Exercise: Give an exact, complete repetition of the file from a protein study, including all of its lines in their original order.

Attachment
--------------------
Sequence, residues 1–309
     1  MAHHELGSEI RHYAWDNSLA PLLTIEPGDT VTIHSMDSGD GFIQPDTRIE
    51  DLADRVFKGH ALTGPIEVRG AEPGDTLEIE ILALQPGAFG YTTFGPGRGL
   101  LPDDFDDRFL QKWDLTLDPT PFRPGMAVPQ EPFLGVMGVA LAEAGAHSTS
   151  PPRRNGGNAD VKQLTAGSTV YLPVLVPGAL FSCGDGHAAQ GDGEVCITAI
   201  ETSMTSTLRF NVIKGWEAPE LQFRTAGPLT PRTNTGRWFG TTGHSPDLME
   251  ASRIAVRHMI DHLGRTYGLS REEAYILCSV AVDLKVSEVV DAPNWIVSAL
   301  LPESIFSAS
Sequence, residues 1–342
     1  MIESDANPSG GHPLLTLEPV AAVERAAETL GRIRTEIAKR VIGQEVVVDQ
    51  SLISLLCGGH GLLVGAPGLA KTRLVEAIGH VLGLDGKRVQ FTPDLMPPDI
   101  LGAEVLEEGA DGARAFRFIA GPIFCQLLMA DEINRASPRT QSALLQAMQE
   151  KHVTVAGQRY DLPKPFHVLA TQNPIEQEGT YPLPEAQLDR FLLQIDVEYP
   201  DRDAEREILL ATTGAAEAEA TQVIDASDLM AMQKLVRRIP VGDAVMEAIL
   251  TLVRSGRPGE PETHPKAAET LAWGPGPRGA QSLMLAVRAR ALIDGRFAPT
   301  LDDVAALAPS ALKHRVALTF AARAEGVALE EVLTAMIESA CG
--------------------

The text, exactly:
Sequence, residues 1–309
     1  MAHHELGSEI RHYAWDNSLA PLLTIEPGDT VTIHSMDSGD GFIQPDTRIE
    51  DLADRVFKGH ALTGPIEVRG AEPGDTLEIE ILALQPGAFG YTTFGPGRGL
   101  LPDDFDDRFL QKWDLTLDPT PFRPGMAVPQ EPFLGVMGVA LAEAGAHSTS
   151  PPRRNGGNAD VKQLTAGSTV YLPVLVPGAL FSCGDGHAAQ GDGEVCITAI
   201  ETSMTSTLRF NVIKGWEAPE LQFRTAGPLT PRTNTGRWFG TTGHSPDLME
   251  ASRIAVRHMI DHLGRTYGLS REEAYILCSV AVDLKVSEVV DAPNWIVSAL
   301  LPESIFSAS
Sequence, residues 1–342
     1  MIESDANPSG GHPLLTLEPV AAVERAAETL GRIRTEIAKR VIGQEVVVDQ
    51  SLISLLCGGH GLLVGAPGLA KTRLVEAIGH VLGLDGKRVQ FTPDLMPPDI
   101  LGAEVLEEGA DGARAFRFIA GPIFCQLLMA DEINRASPRT QSALLQAMQE
   151  KHVTVAGQRY DLPKPFHVLA TQNPIEQEGT YPLPEAQLDR FLLQIDVEYP
   201  DRDAEREILL ATTGAAEAEA TQVIDASDLM AMQKLVRRIP VGDAVMEAIL
   251  TLVRSGRPGE PETHPKAAET LAWGPGPRGA QSLMLAVRAR ALIDGRFAPT
   301  LDDVAALAPS ALKHRVALTF AARAEGVALE EVLTAMIESA CG